The brightest children from every school in England could be given vouchers to spend on extra courses, under proposals being considered by ministers.
The plans would see 800,000 children allocated credits to pay for evening or weekend classes run by universities, or even online courses run by US space agency Nasa.
Under the gifted and talented programme, the five per cent of children getting the best marks in national tests at 11 are included in a national talent register and given extra help.
However, many schools have failed to take part and ministers are keen to extend the scheme to the top ten per cent of pupils in every secondary and primary school in the country.
Earlier this month, CfBT Education Trust won a contract to help these children receive targeted help, and has proposed to use its £65 million budget from the government to provide these children with credits to access further classes.
"The government is seeing this as part of school improvement rather than a lifeboat for a few bright children," said development director Tim Emmett. "If you can raise the meter for ten per cent of children in a school, you can do it for the other 90 per cent as well."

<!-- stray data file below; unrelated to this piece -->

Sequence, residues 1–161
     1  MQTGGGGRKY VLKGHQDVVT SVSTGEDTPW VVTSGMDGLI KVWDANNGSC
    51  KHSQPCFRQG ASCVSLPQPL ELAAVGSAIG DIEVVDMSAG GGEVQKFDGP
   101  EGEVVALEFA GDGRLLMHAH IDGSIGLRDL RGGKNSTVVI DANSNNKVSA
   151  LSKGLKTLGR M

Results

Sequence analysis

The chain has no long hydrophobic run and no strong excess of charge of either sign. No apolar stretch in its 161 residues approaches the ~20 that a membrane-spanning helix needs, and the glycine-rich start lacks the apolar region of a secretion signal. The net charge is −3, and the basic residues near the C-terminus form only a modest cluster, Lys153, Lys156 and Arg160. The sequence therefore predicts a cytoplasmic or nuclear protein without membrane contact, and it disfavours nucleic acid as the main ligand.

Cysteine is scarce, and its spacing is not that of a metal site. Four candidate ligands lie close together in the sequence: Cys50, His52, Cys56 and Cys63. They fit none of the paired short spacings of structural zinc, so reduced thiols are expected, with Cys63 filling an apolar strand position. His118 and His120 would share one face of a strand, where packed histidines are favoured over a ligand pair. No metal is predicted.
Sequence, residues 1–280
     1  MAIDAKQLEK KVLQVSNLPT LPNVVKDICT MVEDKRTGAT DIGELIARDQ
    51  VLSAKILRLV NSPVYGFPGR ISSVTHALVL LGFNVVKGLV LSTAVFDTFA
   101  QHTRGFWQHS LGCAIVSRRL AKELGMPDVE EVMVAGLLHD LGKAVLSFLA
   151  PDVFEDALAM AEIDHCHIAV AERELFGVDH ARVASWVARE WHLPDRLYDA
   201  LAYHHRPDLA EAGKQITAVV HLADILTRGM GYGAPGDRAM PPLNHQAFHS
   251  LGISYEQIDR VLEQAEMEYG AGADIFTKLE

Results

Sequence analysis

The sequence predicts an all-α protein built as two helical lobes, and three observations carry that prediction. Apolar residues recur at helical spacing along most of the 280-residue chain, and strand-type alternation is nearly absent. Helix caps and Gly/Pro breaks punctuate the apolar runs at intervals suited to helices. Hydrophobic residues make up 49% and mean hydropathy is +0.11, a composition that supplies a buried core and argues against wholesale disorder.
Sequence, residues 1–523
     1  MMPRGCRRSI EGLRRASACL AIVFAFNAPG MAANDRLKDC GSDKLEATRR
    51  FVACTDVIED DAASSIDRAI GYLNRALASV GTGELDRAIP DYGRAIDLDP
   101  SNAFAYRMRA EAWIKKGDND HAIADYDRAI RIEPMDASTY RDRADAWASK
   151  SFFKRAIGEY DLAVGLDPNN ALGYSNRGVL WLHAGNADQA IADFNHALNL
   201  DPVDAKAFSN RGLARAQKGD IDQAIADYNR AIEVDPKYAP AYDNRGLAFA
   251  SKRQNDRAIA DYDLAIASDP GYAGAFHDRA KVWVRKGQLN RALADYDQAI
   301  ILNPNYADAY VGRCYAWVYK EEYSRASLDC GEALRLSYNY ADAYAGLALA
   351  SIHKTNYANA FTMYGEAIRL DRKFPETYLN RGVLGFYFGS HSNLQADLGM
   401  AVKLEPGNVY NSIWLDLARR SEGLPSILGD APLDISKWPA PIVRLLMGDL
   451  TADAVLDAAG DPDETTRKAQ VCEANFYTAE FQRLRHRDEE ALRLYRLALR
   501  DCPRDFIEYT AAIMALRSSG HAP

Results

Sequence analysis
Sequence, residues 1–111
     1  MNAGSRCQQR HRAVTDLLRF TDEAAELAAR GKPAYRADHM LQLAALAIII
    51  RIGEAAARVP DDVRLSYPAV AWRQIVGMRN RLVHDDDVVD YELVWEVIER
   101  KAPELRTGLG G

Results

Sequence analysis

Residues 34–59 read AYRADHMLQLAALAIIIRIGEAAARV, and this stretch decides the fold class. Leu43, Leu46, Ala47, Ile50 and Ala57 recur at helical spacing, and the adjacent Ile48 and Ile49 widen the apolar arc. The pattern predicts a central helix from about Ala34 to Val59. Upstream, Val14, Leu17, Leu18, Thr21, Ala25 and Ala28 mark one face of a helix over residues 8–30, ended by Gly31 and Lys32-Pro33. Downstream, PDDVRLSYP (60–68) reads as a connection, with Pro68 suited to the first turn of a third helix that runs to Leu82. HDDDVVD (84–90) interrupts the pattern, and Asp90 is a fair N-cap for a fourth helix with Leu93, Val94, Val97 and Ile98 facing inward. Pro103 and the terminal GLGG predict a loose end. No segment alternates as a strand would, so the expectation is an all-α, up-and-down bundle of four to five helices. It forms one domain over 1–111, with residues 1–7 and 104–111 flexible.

The Conservatives recently scrapped plans for a £5,000 voucher for all pupils in England to spend on either state or private education each year, and any suggestion of Labour introducing a similar plan is likely to be controversial.
As a result, the Department for Education and Skills (DfES) today stressed that the proposals for a voucher scheme were still at a preliminary stage, and said the final details of the contract would not be finalised until February.
However, schools minister Lord Adonis is championing the new extended talent register, saying it would allow thousands more gifted children to be identified, "especially late developers and those underachieving because of social disadvantage".
He said: "This register will ensure they are identified early and get the appropriate learning opportunities inside and outside school."